Went up the trough route the following day under bluebird skies
Other than hiking buddies, zero people observed all day, including the summit.
Went home and picked up a lot of takeout Chinese food for dinner.

2nd was a 2nd weekend in March, a long time ago:
Plan is to camp in boulder field and go up the cable route the following day.

Grabbed a little coffee, and a muffin in Lyons about 4:00pm, With clear skies.
About a mile east of chasm junction it starts to snow, snow about ankle deep, no snowshoes.
Wind is 10 to 20 mph.

Arrive at boulder field around 8:00pm with heavy snow falling, an inch or 2 on the ground, 15 + inches in the tent site enclosure.
Winds are approx. 50mph.
Dig snow out of camp spot in a half circle rock walled enclosure.
Cook a large batch of mac and cheese in vestibule which takes forever as Stove goes out repeatedly from wind.
Enjoy consuming too much of my share of mac and cheese.
Chat with buddy who is heading to Denali in late April about the cable route in a blizzard.
Decide to see what it looks like in am.
Lights out at 9:30pm winds are a consistent 50 plus mph, but its warm.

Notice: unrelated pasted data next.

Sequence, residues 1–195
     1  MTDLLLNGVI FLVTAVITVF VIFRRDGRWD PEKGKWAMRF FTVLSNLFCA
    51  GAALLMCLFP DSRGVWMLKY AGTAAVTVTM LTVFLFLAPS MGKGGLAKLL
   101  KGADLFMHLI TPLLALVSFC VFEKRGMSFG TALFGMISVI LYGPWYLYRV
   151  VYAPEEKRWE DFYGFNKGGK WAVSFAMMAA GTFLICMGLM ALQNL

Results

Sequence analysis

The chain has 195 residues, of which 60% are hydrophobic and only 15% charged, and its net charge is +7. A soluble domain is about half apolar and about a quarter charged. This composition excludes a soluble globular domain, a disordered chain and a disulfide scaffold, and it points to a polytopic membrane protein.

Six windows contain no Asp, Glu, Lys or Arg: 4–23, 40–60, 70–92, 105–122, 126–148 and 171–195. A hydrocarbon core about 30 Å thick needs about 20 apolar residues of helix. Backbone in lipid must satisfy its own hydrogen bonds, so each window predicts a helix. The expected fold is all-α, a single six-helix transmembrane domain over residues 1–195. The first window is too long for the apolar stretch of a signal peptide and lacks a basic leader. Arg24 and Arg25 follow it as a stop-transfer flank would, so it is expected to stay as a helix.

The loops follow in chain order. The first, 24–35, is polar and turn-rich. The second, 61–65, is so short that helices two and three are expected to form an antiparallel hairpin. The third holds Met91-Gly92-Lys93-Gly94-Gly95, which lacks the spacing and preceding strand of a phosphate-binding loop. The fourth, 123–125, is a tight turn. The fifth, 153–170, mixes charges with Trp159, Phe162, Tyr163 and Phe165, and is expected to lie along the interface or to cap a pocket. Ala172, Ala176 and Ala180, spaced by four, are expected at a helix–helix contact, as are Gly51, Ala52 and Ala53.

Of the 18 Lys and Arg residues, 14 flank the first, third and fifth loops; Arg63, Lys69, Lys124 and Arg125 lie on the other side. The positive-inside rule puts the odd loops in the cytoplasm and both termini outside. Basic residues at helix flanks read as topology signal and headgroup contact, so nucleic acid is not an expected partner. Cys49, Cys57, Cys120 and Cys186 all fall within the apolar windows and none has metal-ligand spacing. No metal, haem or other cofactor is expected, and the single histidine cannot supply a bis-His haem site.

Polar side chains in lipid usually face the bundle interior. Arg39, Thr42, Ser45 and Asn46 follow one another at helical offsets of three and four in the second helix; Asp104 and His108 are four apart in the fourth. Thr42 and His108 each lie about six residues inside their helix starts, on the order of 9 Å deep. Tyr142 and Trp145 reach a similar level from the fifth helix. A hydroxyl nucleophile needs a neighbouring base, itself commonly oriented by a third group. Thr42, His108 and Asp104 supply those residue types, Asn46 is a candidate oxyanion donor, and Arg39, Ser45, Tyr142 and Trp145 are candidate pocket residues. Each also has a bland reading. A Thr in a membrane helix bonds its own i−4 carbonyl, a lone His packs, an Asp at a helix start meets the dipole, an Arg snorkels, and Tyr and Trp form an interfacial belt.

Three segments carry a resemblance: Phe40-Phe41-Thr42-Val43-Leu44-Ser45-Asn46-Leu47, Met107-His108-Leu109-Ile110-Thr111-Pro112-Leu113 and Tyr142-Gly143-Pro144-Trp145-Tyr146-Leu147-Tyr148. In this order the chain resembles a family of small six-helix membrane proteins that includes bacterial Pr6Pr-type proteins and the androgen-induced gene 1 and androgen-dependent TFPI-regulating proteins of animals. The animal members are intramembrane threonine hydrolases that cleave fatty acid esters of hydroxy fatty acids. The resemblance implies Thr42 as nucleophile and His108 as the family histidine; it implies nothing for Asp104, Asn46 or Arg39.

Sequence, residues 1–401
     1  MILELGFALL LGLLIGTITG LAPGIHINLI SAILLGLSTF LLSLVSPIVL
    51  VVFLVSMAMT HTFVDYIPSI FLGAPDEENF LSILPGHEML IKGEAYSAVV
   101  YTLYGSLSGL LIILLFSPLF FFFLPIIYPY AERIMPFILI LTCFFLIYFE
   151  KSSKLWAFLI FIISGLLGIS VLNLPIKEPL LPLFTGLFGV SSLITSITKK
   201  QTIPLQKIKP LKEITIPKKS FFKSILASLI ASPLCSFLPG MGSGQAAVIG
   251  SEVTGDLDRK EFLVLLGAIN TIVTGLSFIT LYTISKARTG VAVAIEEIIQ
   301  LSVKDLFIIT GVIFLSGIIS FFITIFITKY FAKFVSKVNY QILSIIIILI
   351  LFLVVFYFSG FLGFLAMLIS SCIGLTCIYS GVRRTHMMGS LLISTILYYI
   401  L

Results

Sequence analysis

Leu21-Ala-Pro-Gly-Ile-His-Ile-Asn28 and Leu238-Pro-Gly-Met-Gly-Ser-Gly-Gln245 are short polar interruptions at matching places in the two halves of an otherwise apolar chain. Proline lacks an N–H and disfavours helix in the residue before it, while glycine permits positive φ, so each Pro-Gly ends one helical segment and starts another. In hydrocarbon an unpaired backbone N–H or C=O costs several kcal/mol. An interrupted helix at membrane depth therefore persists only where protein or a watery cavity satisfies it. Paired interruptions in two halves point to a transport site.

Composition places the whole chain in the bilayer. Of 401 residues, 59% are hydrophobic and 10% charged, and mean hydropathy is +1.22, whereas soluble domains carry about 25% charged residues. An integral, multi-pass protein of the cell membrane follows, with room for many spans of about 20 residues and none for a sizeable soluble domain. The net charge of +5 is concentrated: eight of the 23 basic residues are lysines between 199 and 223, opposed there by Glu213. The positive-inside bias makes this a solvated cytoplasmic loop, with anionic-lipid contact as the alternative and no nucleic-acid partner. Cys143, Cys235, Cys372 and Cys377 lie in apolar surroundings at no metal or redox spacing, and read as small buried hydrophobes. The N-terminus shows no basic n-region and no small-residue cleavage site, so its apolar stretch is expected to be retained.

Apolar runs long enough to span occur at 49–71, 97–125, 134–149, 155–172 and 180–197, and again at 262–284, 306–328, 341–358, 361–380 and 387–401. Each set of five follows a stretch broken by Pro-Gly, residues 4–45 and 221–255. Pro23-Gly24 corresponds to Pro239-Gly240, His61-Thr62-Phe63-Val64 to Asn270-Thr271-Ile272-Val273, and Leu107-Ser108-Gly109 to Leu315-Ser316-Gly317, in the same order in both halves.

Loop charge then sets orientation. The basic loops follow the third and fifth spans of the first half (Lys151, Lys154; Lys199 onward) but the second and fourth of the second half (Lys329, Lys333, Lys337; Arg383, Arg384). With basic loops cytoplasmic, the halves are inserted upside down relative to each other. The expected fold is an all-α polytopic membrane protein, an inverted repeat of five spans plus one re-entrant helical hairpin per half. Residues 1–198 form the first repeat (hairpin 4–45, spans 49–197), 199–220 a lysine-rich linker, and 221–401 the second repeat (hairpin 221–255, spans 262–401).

Earplugs become an essential piece of sleeping gear which I'm glad to have.
Dig snow out from around the tent about 3:00am after a bathroom break.
Wakeup at 6:30, still snowing and Very windy.
Boil water for oatmeal.
After breakfast try to take a look at the route under the current conditions.
Cannot see the route or anything farther than 100 feet.
Decide the cables can wait for another day, pack up camp and head out.
Take our time as it's quite early and we really don't want to leave.
Actually use my compass other than during CMC schools, just for practice and fun.
Stop again in Lyons about noon for more coffee and another muffin.
No snow, no wind skies are partly cloudy, with some sunshine.
By Denver its completely clear and sunny.
My friend jokes that no one will believe our recollection of events.
I say only that I thought it was a grand adventure, which of course longs peak always seems to provide.